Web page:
• airborne101

    tr can you post the site for the reflecting pool? I just wonder if its the half million dollar dud I just saw in person, all tile, shallow shelf. In my ever too critical opinion with other peoples money...... Barb

  • Boby Huffard

    We have a vinyl lined pool---admittedly not as effective for thermal mass heat storage as concrete, but I can tell you that when I walk across the shallow end, parts that were receiving direct sunlight are much warmer than shaded areas. That is why we chose a darker liner. Pairing that with a clear cover allowed us to maintain high 80's to 90 degrees last summer, even with cooler nights. But we are in PA and welcomed this!

  • poolguynj

    Remember, 5 of the 6 sides are surrounded by earth. Think of it as a cube for this example, buried except for the top.

    The surrounding earth won't change temps because earth is an insulator. It resists changes in temperature. Water is also slow to change and takes a lot of energy to do so.

    The difference in the amount of energy absorbed between a light color and dark color is, while measurable, not a significant value in this case. Both may receive the same amount of the the sun's rays but the temps of the the two will be nearly, within a degree or two, the same and they will both lose heat at the same rate at night.


  • caminnc

    I too have a vinyl lined pool and just got a new dark liner. I don't see a difference in temp but the dark blue is just beautiful.

  • worthy

    Our vinyl pool has just been dug in Toronto. We wanted a black liner for the woodsy look. But the PB says forget it, they fade unevenly after a couple of years.

    Has anyone had that experience?

  • poolguynj

    Yes and they can be dangerous. It is often hard to see shallow ledges or the slope. Some liner companies make the homeowner sign a liability waiver before they make the liner.


  • worthy


    The pool is strictly for the kids and I wouldn't have thought of that.

    Putting in a pool was a snap decision--only because the neighbour was putting one in and once the party fence, and his landscaping and patio is in, my access would be nil. Heck, he's already complaining I'm "holding him up."

  • Ian hahn

    Well, I can give you a ballpark estimate for the maximum (upper bound) possible difference in temperature of the water between a white surface pool and a black surface pool, but I probably can't give you even a ballpark estimate for the absolute temperature of the pool, that would require too many details of energy balance and energy transport. Let's say that for 4 hours, the sun is roughly directly overhead the pool, so that the black surface at the bottom of the pool basically absorbs ~100% of the sunlight it receives (black asphalt for example would absorb about 90%, so we aren't making a big error here). Assume then that a white surface will reflect ~100% of the energy (a very white substance like snow would reflect ~90% so we aren't making a big error here either). The flux of energy coming from the Sun is ~1400W/m^2, of which ~70% reaches the ground (the other 30% gets reflected by the atmosphere or clouds). Multiplying this by the surface area of your pool: 1400W/m^2*70%*(6m*4m+2*1.5m*4m+2*1.5m*6m)~53,000W of power that could be absorbed by your pool's surfaces. This is definitely an overestimate. Now over 4 hours, that 53,000W corresponds to 220kWh of energy. If all of this energy was deposited into the water (assuming the pool is well insulated from the ground), then this energy would go into heating the water. How much heating is that? Well, the specific heat of water is ~4000J/kg/degree C, so we need to know how much water is in our pool. The density of water is 1000kg/m^3. Multiplying this by the volume of the pool, we have: 1000kg/m^3*(6m*4m*1.5m)~36000kg. Now finally, we find that the temperature difference between a black pool and a white pool is: Δ T m a x = 220 k W h 4000 J k g ∘ C ∗ 36000 k g ≈ 5.5 ∘ C ΔTmax=220kWh4000Jkg∘C∗36000kg≈5.5∘C So, roughly 5.5 degrees of difference at most, which is not bad if you ask me.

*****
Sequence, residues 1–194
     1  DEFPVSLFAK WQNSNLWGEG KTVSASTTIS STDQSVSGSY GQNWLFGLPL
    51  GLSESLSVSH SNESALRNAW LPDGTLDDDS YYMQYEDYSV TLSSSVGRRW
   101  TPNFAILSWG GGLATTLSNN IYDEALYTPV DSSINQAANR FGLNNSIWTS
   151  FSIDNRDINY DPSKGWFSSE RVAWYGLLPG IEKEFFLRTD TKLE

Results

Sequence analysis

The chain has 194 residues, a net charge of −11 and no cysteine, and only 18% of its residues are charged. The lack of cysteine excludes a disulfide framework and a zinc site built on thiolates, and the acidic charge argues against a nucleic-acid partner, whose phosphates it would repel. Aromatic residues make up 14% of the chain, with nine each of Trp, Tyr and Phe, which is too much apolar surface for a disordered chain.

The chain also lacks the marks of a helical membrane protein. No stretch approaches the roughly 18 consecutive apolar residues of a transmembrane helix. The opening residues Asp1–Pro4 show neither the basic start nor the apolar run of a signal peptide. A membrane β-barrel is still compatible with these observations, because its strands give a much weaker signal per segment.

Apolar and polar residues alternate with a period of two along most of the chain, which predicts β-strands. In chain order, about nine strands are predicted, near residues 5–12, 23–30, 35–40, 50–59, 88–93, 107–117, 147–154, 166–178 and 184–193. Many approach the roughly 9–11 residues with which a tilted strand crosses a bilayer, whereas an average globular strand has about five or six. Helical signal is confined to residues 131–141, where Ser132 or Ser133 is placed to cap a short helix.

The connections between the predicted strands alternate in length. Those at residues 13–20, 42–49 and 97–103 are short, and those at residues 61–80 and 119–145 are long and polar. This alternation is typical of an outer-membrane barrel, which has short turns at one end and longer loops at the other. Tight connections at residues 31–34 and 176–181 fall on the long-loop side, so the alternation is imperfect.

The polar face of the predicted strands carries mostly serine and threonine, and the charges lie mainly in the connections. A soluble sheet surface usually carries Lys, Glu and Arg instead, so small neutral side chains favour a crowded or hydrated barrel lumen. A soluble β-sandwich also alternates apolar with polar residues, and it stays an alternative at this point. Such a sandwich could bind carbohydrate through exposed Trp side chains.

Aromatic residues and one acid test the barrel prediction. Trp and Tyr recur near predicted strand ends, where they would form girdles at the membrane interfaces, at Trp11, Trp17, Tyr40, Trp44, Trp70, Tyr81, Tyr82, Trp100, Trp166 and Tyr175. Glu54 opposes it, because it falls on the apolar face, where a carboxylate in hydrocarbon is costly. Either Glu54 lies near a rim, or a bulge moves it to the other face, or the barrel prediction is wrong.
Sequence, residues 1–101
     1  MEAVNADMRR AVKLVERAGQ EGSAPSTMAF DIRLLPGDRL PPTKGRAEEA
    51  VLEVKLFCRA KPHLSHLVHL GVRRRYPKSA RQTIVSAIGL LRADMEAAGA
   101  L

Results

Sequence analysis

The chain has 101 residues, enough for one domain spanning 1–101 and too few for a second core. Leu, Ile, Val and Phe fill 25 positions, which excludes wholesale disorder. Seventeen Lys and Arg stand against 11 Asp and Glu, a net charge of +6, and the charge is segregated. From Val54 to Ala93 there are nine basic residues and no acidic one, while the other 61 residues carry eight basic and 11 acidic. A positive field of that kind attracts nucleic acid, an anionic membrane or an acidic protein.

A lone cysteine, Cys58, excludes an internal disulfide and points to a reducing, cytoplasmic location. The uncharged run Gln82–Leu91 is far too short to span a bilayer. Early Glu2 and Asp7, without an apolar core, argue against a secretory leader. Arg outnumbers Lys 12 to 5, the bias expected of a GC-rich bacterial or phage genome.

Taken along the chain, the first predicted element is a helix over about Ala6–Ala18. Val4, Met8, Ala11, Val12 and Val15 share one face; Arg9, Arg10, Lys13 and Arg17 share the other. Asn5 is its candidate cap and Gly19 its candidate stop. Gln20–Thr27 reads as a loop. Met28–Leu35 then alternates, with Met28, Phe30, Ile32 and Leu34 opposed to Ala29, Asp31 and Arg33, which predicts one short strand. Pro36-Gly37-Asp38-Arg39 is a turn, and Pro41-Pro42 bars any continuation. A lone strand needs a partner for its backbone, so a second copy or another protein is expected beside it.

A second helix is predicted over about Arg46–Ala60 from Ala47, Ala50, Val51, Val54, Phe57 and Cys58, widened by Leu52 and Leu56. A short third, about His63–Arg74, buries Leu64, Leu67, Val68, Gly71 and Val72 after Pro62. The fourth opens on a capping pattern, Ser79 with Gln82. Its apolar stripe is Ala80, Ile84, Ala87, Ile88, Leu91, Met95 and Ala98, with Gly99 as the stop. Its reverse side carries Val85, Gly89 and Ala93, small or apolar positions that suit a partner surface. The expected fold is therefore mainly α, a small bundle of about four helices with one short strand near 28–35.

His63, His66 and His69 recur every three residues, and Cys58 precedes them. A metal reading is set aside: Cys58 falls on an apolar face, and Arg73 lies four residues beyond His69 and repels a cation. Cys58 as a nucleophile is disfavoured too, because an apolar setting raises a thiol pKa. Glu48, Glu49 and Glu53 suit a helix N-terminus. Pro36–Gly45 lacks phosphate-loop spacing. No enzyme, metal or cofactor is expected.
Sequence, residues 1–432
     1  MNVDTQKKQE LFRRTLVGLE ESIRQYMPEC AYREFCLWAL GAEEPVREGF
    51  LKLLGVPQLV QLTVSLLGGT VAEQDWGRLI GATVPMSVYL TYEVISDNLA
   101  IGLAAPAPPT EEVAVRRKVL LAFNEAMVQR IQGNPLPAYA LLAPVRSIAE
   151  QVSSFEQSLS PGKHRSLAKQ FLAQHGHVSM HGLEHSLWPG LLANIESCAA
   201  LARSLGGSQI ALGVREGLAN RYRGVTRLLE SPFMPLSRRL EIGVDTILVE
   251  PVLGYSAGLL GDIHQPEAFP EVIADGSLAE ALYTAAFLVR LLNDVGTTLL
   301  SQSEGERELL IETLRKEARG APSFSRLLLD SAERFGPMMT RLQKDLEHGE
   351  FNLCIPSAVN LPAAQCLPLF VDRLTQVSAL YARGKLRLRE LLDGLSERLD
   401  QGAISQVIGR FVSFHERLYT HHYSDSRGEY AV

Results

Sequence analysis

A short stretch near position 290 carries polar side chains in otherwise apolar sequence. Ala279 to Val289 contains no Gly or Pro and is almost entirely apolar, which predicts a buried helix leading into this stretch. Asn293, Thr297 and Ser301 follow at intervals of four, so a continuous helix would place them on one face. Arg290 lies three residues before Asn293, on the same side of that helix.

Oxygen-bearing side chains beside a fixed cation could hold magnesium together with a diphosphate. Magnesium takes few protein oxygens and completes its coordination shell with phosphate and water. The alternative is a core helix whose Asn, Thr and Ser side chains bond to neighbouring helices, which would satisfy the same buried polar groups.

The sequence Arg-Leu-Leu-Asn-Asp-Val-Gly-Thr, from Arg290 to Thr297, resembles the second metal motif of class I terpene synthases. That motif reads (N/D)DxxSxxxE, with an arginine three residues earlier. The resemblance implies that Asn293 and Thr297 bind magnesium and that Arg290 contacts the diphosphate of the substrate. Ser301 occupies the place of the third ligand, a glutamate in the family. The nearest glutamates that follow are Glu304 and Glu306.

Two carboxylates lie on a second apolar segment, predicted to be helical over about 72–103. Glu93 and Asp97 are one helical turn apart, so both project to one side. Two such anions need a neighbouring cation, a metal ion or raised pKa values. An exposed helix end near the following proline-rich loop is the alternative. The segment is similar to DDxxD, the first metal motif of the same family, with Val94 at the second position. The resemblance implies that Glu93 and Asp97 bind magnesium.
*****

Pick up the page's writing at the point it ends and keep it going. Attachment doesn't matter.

Reference https://www.physicsforums.com/threads/using-dark-tiles-to-heat-a-pool-via-absorption-of-solar-energy.747600/

  • Nirav Desai

    Holy smokes batman! Ian, that is some serious high school physics!!